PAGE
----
بیش از حد پول نقد، تداوم تجارت و خطر نقدینگی
ترجمه نشده

بیش از حد پول نقد، تداوم تجارت و خطر نقدینگی

عنوان فارسی مقاله: بیش از حد پول نقد، تداوم تجارت و خطر نقدینگی
عنوان انگلیسی مقاله: Excess cash, trading continuity, and liquidity risk
مجله/کنفرانس: مجله امور مالی شرکت - Journal of Corporate Finance
رشته های تحصیلی مرتبط: مدیریت، اقتصاد
گرایش های تحصیلی مرتبط: مدیریت کسب و کار، اقتصاد مالی، اقتصاد پولی
کلمات کلیدی فارسی: دارایی های اضافی نقدی؛ نقدینگی دارایی؛ نقدینگی سهام؛ ریسک نقدینگی؛ هزینه سهام سرمايه
کلمات کلیدی انگلیسی: Excess cash holdings، Asset liquidity، Stock liquidity، Liquidity risk، Cost of equity capital
نوع نگارش مقاله: مقاله پژوهشی (Research Article)
نمایه: Scopus - Master Journal List - JCR
شناسه دیجیتال (DOI): https://doi.org/10.1016/j.jcorpfin.2017.11.005
دانشگاه: School of Management - University of Bath - Bath - United Kingdom
ناشر: الزویر - Elsevier
نوع ارائه مقاله: ژورنال
نوع مقاله: ISI
سال انتشار مقاله: 2018
ایمپکت فاکتور: 2/414 در سال 2017
شاخص H_index: 77 در سال 2019
شاخص SJR: 1/461 در سال 2017
شناسه ISSN: 0929-1199
شاخص Quartile (چارک): Q1 در سال 2017
فرمت مقاله انگلیسی: PDF
تعداد صفحات مقاله انگلیسی: 49
وضعیت ترجمه: ترجمه نشده است
قیمت مقاله انگلیسی: رایگان
آیا این مقاله بیس است: بله
کد محصول: E10688
فهرست انگلیسی مطالب

Abstract


1- Introduction


2- Related literature and hypothesis development


3- Measurement of variables and model specification


4- Data and summary statistics


5- Empirical findings


6- Conclusion


References

نمونه متن انگلیسی مقاله

Abstract


This study investigates the impact of excess cash on the liquidity risk faced by investors and their required liquidity premium. It shows that excess cash improves trading continuity and reduces both liquidity risk and the cost of equity capital. These findings are consistent with the view that firms with excess cash attract more traders even when market liquidity dries up. The increase in investors' trading propensity reduces stock price exposure to shocks to market liquidity and the liquidity premium required by investors. We also examine the impact of excess cash on firm value. We show that while the direct effect of excess cash on firm value is negative, its indirect effect through liquidity is significantly positive, indicating that investors are less likely to sanction (or even reward) illiquid firms for holding excess cash. Further analysis suggests that the liquidity benefits of excess cash are greater for financially constrained firms and firms with high growth opportunities. Our results are robust over time, after addressing endogeneity concerns, and to alternative estimation methods and alternative measures of liquidity.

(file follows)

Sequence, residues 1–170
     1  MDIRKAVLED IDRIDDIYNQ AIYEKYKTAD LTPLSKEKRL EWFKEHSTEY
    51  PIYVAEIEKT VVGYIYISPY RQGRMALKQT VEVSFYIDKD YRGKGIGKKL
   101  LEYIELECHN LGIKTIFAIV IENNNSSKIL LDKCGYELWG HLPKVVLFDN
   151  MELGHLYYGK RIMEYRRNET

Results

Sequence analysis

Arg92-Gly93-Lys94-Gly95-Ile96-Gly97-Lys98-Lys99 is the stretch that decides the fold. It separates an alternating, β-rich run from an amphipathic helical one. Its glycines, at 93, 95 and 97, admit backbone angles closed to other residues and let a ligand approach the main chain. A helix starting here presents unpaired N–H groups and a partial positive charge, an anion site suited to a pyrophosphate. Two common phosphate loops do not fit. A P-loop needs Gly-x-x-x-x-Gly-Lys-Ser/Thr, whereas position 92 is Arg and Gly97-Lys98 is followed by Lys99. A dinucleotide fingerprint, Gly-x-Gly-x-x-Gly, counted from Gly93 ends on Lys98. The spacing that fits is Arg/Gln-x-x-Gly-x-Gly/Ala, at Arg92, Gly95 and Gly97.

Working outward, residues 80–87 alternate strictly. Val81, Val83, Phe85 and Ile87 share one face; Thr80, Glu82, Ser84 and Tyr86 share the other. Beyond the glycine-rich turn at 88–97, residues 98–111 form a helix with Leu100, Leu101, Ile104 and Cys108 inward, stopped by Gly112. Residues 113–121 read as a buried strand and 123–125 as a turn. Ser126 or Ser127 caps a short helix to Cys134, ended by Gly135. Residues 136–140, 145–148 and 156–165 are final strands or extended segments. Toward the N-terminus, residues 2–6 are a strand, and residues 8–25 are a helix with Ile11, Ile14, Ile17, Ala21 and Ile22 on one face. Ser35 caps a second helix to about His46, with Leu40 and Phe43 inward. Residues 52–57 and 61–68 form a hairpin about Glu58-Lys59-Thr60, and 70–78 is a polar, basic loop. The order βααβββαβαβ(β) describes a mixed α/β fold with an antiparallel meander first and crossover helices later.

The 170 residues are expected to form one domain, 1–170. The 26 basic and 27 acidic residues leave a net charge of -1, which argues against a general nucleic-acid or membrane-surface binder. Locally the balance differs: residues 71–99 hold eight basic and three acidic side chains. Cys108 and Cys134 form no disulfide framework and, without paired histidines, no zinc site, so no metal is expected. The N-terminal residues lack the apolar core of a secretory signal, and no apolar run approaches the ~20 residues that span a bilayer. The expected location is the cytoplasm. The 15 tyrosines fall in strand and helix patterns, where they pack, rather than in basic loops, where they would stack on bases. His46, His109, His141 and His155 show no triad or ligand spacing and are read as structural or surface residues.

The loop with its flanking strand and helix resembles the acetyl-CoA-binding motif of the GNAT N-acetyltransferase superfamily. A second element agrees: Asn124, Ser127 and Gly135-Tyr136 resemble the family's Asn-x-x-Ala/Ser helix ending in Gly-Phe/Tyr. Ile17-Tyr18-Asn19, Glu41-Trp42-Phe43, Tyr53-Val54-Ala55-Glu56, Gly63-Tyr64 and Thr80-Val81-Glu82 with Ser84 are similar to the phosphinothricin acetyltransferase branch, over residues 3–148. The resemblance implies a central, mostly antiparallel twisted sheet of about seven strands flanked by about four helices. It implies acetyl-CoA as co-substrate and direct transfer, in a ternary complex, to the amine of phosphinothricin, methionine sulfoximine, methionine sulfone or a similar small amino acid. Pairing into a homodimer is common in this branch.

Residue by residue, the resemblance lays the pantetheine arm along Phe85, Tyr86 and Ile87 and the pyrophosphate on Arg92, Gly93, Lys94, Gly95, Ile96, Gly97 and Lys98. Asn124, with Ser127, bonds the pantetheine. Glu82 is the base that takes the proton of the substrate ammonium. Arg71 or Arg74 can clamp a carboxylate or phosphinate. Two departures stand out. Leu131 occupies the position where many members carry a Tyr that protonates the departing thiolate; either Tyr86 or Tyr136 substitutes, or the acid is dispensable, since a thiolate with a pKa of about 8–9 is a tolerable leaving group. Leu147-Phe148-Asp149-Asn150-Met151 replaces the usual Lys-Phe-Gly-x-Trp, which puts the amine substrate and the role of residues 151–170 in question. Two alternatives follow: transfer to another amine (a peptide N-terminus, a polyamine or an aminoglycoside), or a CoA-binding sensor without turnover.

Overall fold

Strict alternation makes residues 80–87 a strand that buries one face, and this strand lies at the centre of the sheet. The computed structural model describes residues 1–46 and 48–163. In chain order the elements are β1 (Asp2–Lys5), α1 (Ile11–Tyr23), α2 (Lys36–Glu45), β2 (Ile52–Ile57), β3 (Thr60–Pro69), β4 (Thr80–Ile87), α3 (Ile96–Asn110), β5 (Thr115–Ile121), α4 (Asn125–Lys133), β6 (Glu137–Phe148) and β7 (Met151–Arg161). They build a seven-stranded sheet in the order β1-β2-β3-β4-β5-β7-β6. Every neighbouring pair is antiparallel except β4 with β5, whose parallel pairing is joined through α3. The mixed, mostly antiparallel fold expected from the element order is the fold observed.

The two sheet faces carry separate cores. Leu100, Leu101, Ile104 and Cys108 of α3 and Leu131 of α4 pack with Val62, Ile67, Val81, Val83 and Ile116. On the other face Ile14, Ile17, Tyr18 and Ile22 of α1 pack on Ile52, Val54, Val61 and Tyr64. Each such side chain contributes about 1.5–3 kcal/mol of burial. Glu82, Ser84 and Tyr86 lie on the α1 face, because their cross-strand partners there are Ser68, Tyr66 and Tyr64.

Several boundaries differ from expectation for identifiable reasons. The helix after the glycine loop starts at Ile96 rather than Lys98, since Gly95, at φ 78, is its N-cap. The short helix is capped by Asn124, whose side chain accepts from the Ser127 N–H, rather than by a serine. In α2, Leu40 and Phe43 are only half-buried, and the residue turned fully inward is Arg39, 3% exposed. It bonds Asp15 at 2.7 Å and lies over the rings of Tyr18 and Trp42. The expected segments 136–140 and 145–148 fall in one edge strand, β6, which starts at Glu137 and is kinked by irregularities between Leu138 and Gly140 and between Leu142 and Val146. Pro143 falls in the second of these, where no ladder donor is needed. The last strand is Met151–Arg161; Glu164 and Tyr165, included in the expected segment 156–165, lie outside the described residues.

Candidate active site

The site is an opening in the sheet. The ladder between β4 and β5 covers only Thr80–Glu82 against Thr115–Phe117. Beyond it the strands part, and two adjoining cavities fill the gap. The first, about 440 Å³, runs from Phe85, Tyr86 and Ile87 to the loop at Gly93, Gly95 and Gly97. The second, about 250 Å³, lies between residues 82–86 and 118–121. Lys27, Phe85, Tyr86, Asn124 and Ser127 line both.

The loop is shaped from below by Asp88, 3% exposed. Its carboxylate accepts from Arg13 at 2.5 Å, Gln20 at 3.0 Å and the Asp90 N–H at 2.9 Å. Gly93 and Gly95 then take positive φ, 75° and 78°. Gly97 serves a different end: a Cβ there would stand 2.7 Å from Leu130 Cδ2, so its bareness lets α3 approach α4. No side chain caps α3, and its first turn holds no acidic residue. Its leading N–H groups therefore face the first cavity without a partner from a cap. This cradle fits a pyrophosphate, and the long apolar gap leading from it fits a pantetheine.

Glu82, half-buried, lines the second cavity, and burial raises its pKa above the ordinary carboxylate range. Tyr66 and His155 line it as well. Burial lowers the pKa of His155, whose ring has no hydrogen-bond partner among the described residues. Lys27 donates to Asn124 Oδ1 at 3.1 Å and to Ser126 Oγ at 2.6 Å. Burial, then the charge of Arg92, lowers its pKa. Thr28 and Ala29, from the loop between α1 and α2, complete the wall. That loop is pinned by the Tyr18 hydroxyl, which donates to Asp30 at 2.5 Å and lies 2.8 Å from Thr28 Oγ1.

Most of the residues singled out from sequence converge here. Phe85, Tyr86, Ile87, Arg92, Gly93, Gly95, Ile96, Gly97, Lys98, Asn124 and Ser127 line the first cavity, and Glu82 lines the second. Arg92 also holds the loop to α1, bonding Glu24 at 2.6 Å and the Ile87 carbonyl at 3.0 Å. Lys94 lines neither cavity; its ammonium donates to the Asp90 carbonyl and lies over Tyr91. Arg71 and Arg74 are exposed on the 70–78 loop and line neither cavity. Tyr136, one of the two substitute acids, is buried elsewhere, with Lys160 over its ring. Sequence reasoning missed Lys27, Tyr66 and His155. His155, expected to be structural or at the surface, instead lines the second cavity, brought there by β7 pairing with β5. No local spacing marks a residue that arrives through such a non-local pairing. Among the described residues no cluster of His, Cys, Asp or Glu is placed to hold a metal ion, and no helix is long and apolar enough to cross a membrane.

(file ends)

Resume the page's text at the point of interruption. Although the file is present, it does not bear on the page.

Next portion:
Introduction


Cash reserves held by US firms have increased considerably in the last few decades. According to Huang et al. (2013), non-financial firms increased their holdings of cash and other liquid assets to a record $2 trillion in 2011. Early studies, such as Jensen and Meckling (1976), Jensen (1986), and Myers and Majluf (1984), have debated the potential costs and benefits of corporate cash holdings. Related studies by Opler et al. (1999) and Harford et al. (2008) have investigated the effect of various financial variables on the level of corporate cash reserves and identified size, book-to-market ratio, and past cash flows as the key determinants of corporate cash holdings. More recently, a number of papers have focused on whether investors sanction firms for hoarding cash in excess of the level predicted by firm characteristics (“excess cash”). However, the results of these studies have been relatively mixed. For example, Simutin (2010) documents a positive association between excess cash and stock returns, implying that investors view excess cash as a proxy for risky growth opportunities. Nevertheless, Asem and Alam (2014) show that the relationship between excess cash and stock returns depends on investors’ outlook for firm prospects and conclude that investors’ support for cash hoards is not ubiquitous. In this study, we assess investors’ perceptions of excess cash from a different perspective. Specifically, we investigate whether excess cash affects stock trading continuity and the liquidity risk faced by investors. Excess cash may affect stock trading continuity and liquidity risk in two ways. On the one hand, it is commonly argued that managers hoard cash to cushion shortfalls in future cash flows (e.g., Bates et al., 2009; Palazzo, 2012) or to finance growth (Simutin, 2010). Consistent with this prediction, Faulkender and Wang (2006) and Denis and Sibilkov (2009) show that cash holdings are more valuable for financially constrained firms with valuable growth opportunities.

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